About infantile respiratory distress syndrome

What is infantile respiratory distress syndrome?

Infant respiratory distress syndrome is a lung disorder that tends to affect premature infants. Major symptoms include difficulty in breathing and collapsed lungs, potentially requiring mechanical ventilation or positive end-expiratory pressure (PEEP).

What are the symptoms for infantile respiratory distress syndrome?

They may have trouble taking in enough oxygen symptom was found in the infantile respiratory distress syndrome condition

Infant respiratory distress syndrome is characterized by diminished oxygen intake in the premature newborn. A clear membrane is found lining the alveolar (air cell) ducts in the lungs and is associated with reduced amounts of lung wetting agents or emulsifier (surfactant). The surfactant is a lipoprotein based on lecithin that stabilizes alveolar membranes. When this surfactant is missing, Breathing is difficult and may lead to collapse of a lung. The affected infant must be placed on some type of ventilation, either mechanical or physical, in order to continue breathing.

What are the causes for infantile respiratory distress syndrome?

Infant respiratory distress syndrome is caused by the absence of a natural lung wetting agent (surfactant) in the immature lungs of infants. Since surfactant normally develops late in prenatal life it usually is not present in the very premature infant of about 26-36 weeks of gestational age. This can result in improper functioning of the alveoli (air cells) of the lungs causing breathing difficulties and collapsed lungs.

Surfactant protein-B (SP-B) deficiency is a rare type of infant respiratory distress syndrome caused by an abnormal pulmonary surfactant B gene. This type of infant respiratory distress syndrome follows autosomal recessive inheritance.

Recessive genetic disorders occur when an individual inherits the same abnormal gene for the same trait from each parent. If an individual receives one normal gene and one gene for the disease, the person will be a carrier for the disease, but usually will not show symptoms. The risk for two carrier parents to both pass the defective gene and, therefore, have an affected child is 25% with each pregnancy. The risk to have a child who is a carrier like the parents is 50% with each pregnancy. The chance for a child to receive normal genes from both parents and be genetically normal for that particular trait is 25%. The risk is the same for males and females.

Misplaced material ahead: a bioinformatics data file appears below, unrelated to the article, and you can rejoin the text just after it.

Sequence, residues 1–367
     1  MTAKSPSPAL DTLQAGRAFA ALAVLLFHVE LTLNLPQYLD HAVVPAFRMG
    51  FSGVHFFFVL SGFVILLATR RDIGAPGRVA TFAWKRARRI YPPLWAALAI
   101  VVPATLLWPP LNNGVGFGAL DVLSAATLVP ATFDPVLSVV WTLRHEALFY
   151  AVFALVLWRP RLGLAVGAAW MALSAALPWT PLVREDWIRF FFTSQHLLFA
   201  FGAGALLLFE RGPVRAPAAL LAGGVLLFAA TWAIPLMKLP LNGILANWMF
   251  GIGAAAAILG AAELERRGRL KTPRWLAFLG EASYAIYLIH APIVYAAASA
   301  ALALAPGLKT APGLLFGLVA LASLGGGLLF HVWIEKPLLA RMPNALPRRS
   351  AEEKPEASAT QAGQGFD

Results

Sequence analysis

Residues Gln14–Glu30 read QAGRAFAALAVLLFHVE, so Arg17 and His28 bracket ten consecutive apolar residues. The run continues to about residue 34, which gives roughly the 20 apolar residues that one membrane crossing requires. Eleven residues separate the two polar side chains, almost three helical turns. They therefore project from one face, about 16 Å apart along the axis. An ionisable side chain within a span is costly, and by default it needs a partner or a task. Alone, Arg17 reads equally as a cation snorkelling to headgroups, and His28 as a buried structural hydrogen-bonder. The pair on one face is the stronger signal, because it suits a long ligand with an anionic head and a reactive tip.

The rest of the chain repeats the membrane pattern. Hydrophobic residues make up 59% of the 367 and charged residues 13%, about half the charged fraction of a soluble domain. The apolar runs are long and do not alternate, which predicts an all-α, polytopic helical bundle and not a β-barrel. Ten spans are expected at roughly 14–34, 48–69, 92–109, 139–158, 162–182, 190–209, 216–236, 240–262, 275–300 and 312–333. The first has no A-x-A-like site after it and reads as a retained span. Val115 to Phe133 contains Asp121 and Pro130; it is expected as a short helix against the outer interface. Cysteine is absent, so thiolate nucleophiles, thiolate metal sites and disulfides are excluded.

What are the treatments for infantile respiratory distress syndrome?

Treatment of infant respiratory distress syndrome consists of mechanical or physical breathing assistance such as positive end expiratory pressure (PEEP). Other treatment is symptomatic and supportive.

Exosurf Neonatal (colfosceril palmitate) is a synthetic lung surfactant that was approved for use in August of 1990 by the Food and Drug Administration (FDA) for treatment of infant respiratory distress syndrome. The treatment consists of a single dose given 30 minutes after birth to high-risk infants. Surfactants are surface-cleaning agents that are used to wash out (lavage) the lungs and its air passages (bronchopulmonary area). This synthetic form of lung surfactant is manufactured by Burroughs Wellcome.

Survanta (beractant) developed by Abbott Labs is another pediatric surfactant and is derived from bovine tissues. There is also great improvement in the infants treated with this product.

Surfactant TA and Human Surf have both been approved by the FDA for treatment of infant respiratory distress syndrome.

The FDA has also approved Dey Lab's lung surfactant, Curosurf Intratracheal Suspension (poractant alpha) for the treatment of infant respiratory distress syndrome.

What are the risk factors for infantile respiratory distress syndrome?

Infantile respiratory distress syndrome (IRDS) is a condition that affects newborn babies. It's caused by immature lungs and can be life-threatening if not treated immediately.

Infants with IRDS have difficulty breathing and may develop bluish skin coloration, which can be seen especially around the mouth and lips. Babies with IRDS may also have trouble feeding, may vomit or cough up mucus, or may have difficulty maintaining body temperature.

The cause of IRDS is unclear but research suggests that it's either an underlying problem in the lungs or immune system response to an infection in the mother during pregnancy.

Here are the 4 risk factors of infantile respiratory distress syndrome:

1. Premature birth: A premature birth is when a baby is born earlier than 37 weeks of pregnancy. This can happen if there are problems with the placenta or with the baby's lungs.

2. Infection, such as a lung infection or pneumonia: These infections can happen in babies who have been born prematurely, but they can also happen to full-term babies with other conditions like CF (cystic fibrosis), asthma, and allergies.

3. Problems with the lungs, such as bronchopulmonary dysplasia (BPD), which is a chronic lung disease that happens in many babies who were born too early and who were treated with oxygen therapy after birth.

4. Complications from prematurity, such as heart failure or respiratory distress syndrome (RDS).

Infants with IRDS will have blue lips or skin,They may have trouble taking in enough oxygen, which can make them tired, sleepy, and weak,Their skin will feel cold to the touch
Prematurity,Birth asphyxia,Rh incompatibility,Maternal myocardial infarction during pregnancy or delivery,Pneumonia

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